At LIAF (Laboratorio de Iones y Átomos Fríos ) we develop experiments on atomic physics at the quantum level. We use trapped ions as they are one of the most sensitive systems to carry out diverse precision measurements. Since they are atomic systems isolated in an ultra-high vacuum chamber, they become a great platform to perform quantum optics experiments to study the interaction between light and matter at the very fundamental level.
We currently have a working ring-shaped Paul trap where we do experiments with trapped Calcium ions. We are able to trap a single cold ion, or even clusters of two up to a few tens of ions forming crystalline structures.
In this trap, we perform spectroscopy of the dipolar transitions of calcium and study the coherent population trapping (CPT) phenomena. We are able to prepare dark states of the ion and study the atomic spectra, which are sensitive to the polarization of the beams. We are looking forward to study the polarization profile of complex beams like vector beams, which show counter-intuitive behaviors when are highly focused.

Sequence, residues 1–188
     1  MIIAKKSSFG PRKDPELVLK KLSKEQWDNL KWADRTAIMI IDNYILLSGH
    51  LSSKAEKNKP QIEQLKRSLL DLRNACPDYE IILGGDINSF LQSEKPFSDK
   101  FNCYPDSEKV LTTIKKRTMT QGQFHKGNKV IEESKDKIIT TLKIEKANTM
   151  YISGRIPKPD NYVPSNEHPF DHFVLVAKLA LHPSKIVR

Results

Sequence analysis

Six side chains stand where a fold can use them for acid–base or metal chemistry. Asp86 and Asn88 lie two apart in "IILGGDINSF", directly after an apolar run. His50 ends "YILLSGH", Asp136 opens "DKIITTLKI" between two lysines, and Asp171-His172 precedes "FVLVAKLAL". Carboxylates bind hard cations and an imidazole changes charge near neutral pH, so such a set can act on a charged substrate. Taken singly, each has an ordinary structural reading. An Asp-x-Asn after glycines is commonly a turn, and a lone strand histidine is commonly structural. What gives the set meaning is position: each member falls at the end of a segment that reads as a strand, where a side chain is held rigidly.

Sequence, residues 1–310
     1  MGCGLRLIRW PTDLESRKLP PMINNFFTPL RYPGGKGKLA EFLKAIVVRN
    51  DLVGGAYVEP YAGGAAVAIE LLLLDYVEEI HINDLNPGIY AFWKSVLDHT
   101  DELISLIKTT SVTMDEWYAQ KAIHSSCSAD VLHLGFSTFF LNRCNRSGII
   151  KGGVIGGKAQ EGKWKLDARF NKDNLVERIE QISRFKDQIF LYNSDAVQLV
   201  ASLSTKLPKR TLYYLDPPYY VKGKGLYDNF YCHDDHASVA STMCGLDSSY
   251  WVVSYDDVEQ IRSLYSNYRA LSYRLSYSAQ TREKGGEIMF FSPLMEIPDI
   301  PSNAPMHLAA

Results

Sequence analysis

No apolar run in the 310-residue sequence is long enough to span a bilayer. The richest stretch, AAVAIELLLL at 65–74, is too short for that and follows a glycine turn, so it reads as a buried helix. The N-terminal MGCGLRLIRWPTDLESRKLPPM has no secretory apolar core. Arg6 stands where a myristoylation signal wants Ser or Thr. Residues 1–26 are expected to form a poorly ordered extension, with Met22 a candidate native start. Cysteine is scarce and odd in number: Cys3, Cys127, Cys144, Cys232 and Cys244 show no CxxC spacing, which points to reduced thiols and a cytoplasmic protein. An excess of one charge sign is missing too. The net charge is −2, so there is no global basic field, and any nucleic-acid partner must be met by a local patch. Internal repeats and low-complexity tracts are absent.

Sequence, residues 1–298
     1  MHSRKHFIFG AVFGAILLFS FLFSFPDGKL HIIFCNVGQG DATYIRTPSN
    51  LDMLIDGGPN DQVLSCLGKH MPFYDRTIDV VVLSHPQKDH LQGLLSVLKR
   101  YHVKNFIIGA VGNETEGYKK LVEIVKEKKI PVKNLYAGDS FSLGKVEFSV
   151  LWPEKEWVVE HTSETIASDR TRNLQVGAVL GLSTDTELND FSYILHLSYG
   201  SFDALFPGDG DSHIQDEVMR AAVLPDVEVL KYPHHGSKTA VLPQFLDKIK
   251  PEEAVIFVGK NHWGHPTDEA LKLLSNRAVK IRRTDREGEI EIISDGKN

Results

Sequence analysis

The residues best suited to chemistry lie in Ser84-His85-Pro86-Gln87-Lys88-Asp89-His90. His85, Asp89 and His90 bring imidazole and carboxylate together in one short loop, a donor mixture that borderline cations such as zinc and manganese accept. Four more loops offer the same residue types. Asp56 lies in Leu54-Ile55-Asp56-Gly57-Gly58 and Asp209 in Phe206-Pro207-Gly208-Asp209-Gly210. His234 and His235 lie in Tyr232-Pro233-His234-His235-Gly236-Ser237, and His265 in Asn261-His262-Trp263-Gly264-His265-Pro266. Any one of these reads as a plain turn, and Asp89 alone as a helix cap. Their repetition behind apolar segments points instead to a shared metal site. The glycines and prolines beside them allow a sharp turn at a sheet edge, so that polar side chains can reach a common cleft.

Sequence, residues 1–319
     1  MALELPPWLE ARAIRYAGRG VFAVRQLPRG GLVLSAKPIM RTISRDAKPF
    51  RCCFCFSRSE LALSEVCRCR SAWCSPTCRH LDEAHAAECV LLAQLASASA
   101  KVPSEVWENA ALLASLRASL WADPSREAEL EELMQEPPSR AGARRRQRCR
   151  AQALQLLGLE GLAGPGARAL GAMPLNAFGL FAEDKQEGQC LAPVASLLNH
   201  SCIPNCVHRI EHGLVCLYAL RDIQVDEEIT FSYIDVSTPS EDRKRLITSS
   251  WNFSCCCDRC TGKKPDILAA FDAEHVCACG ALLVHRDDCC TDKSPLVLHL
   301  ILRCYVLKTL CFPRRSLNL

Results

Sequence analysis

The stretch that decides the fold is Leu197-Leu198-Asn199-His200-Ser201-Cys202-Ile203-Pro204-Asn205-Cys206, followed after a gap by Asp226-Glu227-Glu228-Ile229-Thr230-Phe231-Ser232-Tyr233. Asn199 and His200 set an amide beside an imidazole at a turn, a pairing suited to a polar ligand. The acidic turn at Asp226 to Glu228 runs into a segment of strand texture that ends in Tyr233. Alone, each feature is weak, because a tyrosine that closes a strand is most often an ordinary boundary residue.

We are also preparing experiments to study the orbital angular momentum transfer of twisted light to the motional states of trapped ions. Because of the ring-shaped geometry of the trap, we can activate rotational modes of the ion crystals and do spectroscopy of these rotations, as well as study the phase transitions that emerge in this structures.
At the laboratory we also have a linear Paul trap ready to begin experiments with trapped Ytterbium ions. We are planning to perform high-resolution coherent spectroscopy of the quadrupolar and octupolar forbidden transitions of Ytterbium and study its applications to quantum metrology. Particularly we are interested in performing spectroscopy with structured light beams and how they can improve the relative uncertainties of frequency standards based on trapped ions.
See the lab’s progress since its foundation in 2015: LIAF-timeline.